So, if the provisions of the Code and the Evidence Act were made applicable, it would have frustrated the very object of the Act, which requires the Special Court shall be constituted and such Court shall have exclusive jurisdiction in respect of the matrimonial disputes. The object of the Act is to shorten the agony of litigant parties and to provide them justice as early as could be possible. Matters pertaining to the Family Court be of dissolution of marriage, restitution of conjugal rights, entitlement of a child or children or of wife to the maintenance, payment of dower, all such issues are required to be decided in speedy manner, because no such issue can be left undecided for decades; because a minor, seeking maintenance, may become major by the time his case is decided by the Family Court or a wife, seeking dissolution of marriage, may go out of marriageable age by the time she get decided her suit for dissolution of marriage.

23.  The above background has been given for the purpose of laying down the foundation that any procedure, which is otherwise neither illegal nor for which any express bar has been provided in the Act, is permissible to be adopted by the Judge, Family Court, if it does not offend any right of the parties.

24.  Now coming to the case in hand, we have noted hereinabove that during pendency of his transfer application, the respondent-husband himself volunteered to go for settlement of all his matrimonial disputes with his wife by the panel of three Advocates, that too of his own choice as he himself nominated them to be member of the panel of Arbitrators and that he gave an undertaking that their decision will be binding on him. This statement on oath was recorded by the District Judge, followed by recording of the statement of learned counsel for the appellant-wife and the matter, with consent, was sent to the transferee Court at Vehari where unanimous Salsi award/decision of the panel of Advocates dated 08.05.2010 was taken by the learned Judge, Family Court on record and was made basis of its judgment/decree dated 17.06.2010.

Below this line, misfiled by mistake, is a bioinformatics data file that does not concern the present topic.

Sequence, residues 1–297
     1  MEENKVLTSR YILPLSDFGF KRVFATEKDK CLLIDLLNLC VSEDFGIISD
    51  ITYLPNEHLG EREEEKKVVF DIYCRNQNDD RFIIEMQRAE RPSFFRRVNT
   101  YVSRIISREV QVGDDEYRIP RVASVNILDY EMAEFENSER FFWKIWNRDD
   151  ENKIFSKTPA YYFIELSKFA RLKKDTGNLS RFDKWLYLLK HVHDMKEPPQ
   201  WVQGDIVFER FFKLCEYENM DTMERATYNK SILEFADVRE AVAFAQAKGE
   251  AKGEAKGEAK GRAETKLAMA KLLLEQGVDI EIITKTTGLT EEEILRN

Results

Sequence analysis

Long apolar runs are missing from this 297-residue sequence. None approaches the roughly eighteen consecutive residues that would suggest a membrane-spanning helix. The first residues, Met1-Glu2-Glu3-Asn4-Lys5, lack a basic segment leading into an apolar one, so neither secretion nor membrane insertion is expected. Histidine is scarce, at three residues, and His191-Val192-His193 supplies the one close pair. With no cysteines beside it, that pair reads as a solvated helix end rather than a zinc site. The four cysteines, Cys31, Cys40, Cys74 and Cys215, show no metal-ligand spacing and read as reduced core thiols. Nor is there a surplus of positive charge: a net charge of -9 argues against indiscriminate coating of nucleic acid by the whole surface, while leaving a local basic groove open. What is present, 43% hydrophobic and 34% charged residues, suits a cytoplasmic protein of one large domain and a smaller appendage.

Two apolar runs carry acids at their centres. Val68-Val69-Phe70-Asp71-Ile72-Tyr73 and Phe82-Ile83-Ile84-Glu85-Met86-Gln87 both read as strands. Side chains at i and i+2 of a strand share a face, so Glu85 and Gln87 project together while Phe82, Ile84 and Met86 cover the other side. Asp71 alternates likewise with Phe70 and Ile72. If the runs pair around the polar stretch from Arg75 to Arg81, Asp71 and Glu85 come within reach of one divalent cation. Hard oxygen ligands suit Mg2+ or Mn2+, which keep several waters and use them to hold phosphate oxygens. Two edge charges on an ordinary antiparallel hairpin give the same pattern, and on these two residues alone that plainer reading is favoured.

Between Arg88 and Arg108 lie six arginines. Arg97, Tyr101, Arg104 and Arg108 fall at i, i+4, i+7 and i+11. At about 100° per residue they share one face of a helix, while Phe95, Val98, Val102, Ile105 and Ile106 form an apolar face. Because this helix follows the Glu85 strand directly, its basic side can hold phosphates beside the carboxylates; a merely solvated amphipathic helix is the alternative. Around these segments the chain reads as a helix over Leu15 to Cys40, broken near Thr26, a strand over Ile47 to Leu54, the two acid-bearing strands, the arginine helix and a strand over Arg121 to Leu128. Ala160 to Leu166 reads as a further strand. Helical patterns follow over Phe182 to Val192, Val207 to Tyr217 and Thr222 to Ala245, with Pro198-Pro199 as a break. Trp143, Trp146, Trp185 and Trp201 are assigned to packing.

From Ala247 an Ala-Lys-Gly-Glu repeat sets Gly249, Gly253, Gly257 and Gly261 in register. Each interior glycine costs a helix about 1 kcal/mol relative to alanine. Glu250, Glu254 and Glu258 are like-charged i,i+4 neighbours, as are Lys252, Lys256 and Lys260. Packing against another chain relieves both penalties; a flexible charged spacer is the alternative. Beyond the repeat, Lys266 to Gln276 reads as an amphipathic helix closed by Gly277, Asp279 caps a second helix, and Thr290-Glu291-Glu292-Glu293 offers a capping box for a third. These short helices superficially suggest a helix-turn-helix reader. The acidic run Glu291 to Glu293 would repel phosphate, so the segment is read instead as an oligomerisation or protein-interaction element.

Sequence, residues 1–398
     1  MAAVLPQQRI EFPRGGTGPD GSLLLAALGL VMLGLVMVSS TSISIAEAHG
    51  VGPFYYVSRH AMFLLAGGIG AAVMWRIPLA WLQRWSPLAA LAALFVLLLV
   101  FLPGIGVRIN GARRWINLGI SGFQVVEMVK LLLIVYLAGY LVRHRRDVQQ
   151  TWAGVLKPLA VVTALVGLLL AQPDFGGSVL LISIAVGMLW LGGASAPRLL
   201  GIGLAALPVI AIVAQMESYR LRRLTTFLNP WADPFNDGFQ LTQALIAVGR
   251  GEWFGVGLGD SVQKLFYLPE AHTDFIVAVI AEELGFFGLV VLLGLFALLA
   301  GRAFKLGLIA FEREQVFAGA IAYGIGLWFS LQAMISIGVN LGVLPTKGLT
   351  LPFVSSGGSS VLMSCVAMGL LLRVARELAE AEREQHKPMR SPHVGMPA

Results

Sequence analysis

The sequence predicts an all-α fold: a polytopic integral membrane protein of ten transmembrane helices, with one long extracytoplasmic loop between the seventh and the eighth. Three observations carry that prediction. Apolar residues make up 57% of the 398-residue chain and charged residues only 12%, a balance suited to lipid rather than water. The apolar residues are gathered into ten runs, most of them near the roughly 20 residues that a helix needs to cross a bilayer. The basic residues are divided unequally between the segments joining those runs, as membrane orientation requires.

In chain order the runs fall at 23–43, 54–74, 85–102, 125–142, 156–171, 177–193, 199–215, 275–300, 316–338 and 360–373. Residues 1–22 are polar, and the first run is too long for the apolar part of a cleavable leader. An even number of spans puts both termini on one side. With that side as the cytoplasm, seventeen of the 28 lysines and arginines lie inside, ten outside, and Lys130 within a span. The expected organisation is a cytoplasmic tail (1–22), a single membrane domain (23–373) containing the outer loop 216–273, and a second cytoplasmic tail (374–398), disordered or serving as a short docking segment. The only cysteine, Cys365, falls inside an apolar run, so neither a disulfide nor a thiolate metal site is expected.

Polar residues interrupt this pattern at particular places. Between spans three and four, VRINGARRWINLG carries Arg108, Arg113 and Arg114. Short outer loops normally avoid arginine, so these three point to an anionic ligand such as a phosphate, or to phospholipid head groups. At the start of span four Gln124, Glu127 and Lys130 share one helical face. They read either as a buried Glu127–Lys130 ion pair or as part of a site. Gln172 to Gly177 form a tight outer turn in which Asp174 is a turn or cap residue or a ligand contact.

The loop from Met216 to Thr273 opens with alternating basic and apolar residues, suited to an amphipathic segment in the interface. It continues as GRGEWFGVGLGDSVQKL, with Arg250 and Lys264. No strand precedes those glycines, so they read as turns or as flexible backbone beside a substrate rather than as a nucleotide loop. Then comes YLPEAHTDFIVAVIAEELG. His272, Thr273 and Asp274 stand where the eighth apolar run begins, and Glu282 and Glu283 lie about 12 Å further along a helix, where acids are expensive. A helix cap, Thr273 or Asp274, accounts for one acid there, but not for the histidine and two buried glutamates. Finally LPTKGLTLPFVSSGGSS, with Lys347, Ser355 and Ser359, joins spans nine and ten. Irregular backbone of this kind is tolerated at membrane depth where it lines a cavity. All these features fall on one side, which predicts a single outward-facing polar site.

25.  Now the questions for consideration before us are; (i) whether such procedure was lawfully adopted and followed; and (ii) whether the respondent-husband, when in fact not only originated an option but also consented that the matter be referred to the panel of Advocates and when their decision came adverse to him, can retract and step back to his own offer.

26.  It appears from the record that respondent-husband, after pronouncement of Salsi award/decision, filed an objection application which was responded to by the appellant-wife by filing reply and the learned Trial Judge/Judge, Family Court declared such objection being frivolous and an afterthought and acted upon the award/decision of the panel of Advocates, named/suggested by the respondent-husband by incorporating the same-into its judgment/decree dated 17.06.2010.

27.  Retraction from a consent or undertaking given by a party remained subject matter of different cases in different Courts. In Naimuddin v. Mah-e-Talat (1984 CLC 638), the wife took the plea that deed of divorce got signed by husband under coercion; the husband prayed before the Family Court that if special oath is taken by wife, he would accept her plea; the wife took the special oath and the husband questioned the same. The Court held that the husband could not question the jurisdiction of the Family Court and could not claim that special oath could not be given in matrimonial proceedings.